dscn1150dscn1139But as I cut out the striped fabric, the stripes started to play with my brain and I cut out one piece correctly, and three pieces incorrectly with 3 inches extra on the bottom and only 1 inch extra on the straps. When I realized my error, I thought about cutting the 3 pieces out again correctly but I hated to waste the fabric. I had purchased this fabric for another project and had cut the pieces for this bag conservatively as to leave as much fabric as possible for that other project. That lead me to decide to make my already cut out pieces work out some how instead of cutting out corrected pieces.

dscn1128dscn1126The sewing process started with the insert seams and the bottom seams. I matched the insert seams at the top of the bag because of the extra inches at the bottom of the stripes, then cut off the extra before sewing the bottom of the bag. Next was the seam that I called the pinch. This is the seam that squares the bag to give the bag a bottom. It is sewn by first pinching the corners of the bottom seam of the bag and then stitching across the pinch. The pinch was easy with the bottom weight fabric of the Dalek fabric side of the bag. I measured and sewed carefully and the pinch turn out great.

dscn1129dscn1130The striped fabric was not as easy. Because it is a thin lining fabric, it wanted to slip and slide as I measured and sewed the pinch but with patience, I finally got acceptable results. These pinch seams weren’t that hard so I stopped being as careful and learned very quickly that that was a bad move. My next pinches went terribly wrong when I did not carefully measure and sew them. I ended up unpicking and re-measuring and re-sewing all 4 of the pinches on the second bag to get nicer pinches. Lesson learned, take the time needed to do the job right the first time.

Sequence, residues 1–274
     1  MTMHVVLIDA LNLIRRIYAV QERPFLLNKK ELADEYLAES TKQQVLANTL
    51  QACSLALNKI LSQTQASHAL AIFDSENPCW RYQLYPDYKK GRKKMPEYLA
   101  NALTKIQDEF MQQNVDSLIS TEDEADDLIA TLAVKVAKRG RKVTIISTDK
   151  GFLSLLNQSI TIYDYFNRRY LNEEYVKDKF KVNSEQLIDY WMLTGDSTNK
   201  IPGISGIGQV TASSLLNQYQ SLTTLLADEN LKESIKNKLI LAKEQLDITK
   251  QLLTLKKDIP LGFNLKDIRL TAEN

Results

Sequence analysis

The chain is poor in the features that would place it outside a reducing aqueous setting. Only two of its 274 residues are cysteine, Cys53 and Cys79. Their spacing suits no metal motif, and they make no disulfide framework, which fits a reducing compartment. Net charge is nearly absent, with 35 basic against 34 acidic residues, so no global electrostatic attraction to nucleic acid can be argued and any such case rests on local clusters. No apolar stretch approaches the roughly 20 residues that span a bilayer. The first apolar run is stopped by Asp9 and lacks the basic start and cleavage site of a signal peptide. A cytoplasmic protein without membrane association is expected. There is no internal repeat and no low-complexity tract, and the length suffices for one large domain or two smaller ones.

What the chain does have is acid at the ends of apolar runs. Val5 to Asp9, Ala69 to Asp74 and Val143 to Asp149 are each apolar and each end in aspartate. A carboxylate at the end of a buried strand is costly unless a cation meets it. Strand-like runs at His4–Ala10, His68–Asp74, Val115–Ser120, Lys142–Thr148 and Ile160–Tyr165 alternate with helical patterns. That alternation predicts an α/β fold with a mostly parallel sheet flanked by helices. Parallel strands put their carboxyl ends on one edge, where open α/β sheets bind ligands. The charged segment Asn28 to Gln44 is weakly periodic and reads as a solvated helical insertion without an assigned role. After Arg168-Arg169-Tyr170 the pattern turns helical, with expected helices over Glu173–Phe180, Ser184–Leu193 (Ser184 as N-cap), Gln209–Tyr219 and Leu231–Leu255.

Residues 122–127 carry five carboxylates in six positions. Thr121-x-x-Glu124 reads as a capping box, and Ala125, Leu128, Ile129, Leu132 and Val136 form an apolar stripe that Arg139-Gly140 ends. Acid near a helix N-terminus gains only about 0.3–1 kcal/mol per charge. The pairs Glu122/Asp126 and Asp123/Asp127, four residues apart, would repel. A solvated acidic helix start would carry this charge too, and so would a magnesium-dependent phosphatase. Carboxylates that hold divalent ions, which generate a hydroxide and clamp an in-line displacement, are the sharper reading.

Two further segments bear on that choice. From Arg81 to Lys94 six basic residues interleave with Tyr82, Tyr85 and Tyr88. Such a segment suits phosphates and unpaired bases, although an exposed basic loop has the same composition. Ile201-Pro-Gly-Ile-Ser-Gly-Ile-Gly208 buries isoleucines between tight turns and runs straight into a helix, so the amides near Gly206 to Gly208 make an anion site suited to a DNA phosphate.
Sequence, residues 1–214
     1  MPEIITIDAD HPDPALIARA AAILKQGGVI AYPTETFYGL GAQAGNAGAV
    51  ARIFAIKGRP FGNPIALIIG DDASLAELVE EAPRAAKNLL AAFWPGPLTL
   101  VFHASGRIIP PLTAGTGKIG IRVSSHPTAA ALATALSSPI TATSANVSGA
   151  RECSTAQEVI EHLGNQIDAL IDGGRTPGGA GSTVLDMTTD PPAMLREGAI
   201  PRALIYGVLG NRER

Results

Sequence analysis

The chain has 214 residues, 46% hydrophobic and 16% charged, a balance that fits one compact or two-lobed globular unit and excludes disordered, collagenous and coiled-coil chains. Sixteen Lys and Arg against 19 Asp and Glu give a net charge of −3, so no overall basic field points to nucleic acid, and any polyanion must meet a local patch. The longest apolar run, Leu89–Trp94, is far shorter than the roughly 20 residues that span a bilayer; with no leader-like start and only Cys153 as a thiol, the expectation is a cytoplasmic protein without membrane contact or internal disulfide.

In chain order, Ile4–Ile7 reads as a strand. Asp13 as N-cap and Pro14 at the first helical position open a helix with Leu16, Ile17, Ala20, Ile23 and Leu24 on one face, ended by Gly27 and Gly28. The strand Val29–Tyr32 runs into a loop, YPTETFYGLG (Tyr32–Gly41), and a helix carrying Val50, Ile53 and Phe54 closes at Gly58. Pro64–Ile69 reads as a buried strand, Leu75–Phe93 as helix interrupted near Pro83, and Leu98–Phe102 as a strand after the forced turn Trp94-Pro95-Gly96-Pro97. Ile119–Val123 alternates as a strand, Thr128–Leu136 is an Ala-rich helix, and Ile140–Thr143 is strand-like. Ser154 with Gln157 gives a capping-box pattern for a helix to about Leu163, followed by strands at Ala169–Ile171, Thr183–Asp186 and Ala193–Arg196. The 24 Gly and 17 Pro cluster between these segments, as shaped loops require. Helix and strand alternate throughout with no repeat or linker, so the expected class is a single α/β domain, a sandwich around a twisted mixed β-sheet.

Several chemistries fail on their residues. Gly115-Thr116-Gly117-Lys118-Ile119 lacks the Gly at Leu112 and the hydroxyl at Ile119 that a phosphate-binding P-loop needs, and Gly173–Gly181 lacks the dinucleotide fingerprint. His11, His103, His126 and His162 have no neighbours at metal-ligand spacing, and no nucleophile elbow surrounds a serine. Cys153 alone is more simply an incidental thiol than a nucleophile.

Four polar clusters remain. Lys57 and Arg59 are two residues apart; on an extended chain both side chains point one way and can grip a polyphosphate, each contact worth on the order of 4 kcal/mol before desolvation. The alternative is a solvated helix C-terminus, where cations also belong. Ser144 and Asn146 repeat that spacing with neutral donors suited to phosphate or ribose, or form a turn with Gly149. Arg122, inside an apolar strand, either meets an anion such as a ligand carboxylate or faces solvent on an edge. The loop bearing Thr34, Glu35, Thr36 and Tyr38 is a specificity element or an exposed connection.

dscn1132dscn1141The next step was to sew the two parts of the Dalek/black bag and stripe/black together. With rights sides together, I sewed around the curves of the top of the bags. Each bag was then turned right side out through the strap. This was a bit of a challenge but with time and patience the bags were turned right side out.

Now it was time to fix my cutting error. The striped fabric was 4 inches too short on the strap, 2 inches on each side. I had several options for fixing this problem, like just sewing more fabric to the stripe fabric dscn1146but I wanted to make sure it was very secure at the shoulder. I finally opted to dscn1144make a patch from the black fabric to cover the missing stripe fabric. I cut a piece of the black fabric big enough to cover the missing piece with seam allowances. I folded over the edges and ironed them in place then applied some seam to seam to the edges. I then ironed the patch in place. I sewed the patches in place as I top stitched the edges of the bag. The patch worked great to solve my cutting error, and because the patches are at the shoulder, it looks like I meant to add the patch to the strap as reinforcement.

dscn1134dscn1136The final bags turned out great. I was concerned at first about the bag not having a closure as it gapped when I placed it my shoulder but when I added a book to the bag, the weight of the book closed the bag. I took the bags to my coworker the next day. I showed her that they were reversible and told her if her daughters wanted a closure on the bags to bring them back to me. Her daughters called me the next day to tell me how much they liked the bags and that they had used the bags for their books at school that day instead of their regular back packs. I was excited to hear that the bags were a success and that they liked them and that they used them. It did my sewing heart good.

dscn1135dscn1159These bags were great fun to make and as always I learned some new sewing lessons from making them.

After this project, I see more sling bags in my future. Maybe next time with pockets and closures with Snoopy or Mickey Mouse fabric or maybe even more Doctor Who fabric.

I also have some great Marvel Comics fabric that I was wondering what to do with and San Diego Comic Con is coming up shortly!

dscn1155Oh, this is going to be fun!dscn1154

Until next time, sew forth and Trust the Doctor on!